Analysis of Stochastic Switched Systems with Application to Networked Control Under Jamming Attacks.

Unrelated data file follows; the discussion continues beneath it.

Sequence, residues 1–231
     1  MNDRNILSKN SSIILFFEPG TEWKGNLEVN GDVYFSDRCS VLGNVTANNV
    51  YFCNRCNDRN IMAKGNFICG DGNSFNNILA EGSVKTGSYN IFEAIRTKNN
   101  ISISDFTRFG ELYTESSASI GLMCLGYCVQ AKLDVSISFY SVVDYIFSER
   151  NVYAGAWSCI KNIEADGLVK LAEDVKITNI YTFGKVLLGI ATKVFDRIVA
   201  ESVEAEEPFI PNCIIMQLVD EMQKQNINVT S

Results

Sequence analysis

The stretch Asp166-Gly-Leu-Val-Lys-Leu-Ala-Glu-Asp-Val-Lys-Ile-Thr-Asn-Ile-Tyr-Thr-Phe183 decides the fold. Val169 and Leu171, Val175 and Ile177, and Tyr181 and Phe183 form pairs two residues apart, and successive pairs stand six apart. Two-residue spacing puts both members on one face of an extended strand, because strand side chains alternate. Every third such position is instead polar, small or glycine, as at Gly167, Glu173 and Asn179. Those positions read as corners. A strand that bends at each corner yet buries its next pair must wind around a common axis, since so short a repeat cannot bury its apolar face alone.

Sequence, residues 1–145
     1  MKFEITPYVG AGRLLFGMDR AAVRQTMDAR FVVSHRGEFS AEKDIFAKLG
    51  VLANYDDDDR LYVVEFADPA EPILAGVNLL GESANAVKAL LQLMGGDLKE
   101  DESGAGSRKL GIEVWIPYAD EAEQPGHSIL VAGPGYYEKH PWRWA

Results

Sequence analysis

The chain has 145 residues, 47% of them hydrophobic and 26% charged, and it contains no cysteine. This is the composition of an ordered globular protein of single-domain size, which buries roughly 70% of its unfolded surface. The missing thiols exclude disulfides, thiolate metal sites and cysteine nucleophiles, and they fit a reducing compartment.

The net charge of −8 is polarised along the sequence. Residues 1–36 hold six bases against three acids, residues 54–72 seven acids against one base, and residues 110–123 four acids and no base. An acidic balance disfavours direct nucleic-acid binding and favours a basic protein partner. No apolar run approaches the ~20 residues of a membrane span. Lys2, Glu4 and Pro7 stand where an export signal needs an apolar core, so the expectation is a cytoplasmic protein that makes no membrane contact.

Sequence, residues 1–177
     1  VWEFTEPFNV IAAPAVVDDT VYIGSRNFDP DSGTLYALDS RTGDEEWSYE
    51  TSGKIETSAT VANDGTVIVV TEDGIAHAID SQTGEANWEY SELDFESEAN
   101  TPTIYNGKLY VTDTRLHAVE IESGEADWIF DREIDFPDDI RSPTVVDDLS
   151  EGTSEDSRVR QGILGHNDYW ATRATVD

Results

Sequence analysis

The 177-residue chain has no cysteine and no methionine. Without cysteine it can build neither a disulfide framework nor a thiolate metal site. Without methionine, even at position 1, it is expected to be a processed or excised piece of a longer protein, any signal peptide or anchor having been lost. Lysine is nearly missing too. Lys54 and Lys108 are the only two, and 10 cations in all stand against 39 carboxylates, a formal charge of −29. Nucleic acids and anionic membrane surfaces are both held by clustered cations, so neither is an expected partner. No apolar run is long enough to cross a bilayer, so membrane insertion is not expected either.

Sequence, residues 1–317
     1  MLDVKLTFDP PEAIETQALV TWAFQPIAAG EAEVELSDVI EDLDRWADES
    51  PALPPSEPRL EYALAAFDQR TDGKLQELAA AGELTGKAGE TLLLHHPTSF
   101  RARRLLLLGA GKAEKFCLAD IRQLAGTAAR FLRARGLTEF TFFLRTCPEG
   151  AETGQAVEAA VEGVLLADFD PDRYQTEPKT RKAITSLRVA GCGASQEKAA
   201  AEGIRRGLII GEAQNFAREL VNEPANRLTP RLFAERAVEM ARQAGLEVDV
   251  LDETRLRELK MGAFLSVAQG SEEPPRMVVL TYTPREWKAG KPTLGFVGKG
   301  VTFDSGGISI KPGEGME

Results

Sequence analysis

We investigate the stability problem for discrete-time stochastic switchedlinear systems under the specific scenarios where information about theswitching patterns and the probability of switches are not available. Ouranalysis focuses on the average number of times each mode becomes active in thelong run and, in particular, utilizes their lower- and upper-bounds. This setupis motivated by cyber security issues for networked control systems in thepresence of packet losses due to malicious jamming attacks where the attacker'sstrategy is not known a priori. We derive a sufficient condition for almostsure asymptotic stability of the switched systems which can be examined bysolving a linear programming problem. Our approach exploits the dynamics of anequivalent system that describes the evolution of the switched system's stateat every few steps; the stability analysis may become less conservative byincreasing the step size. The computational efficiency is further enhanced byexploiting the structure in the stability analysis problem, and we introduce analternative linear programming problem that has fewer variables. We demonstratethe efficacy of our results by analyzing networked control problems wherecommunication channels face random packet losses as well as jamming attacks.
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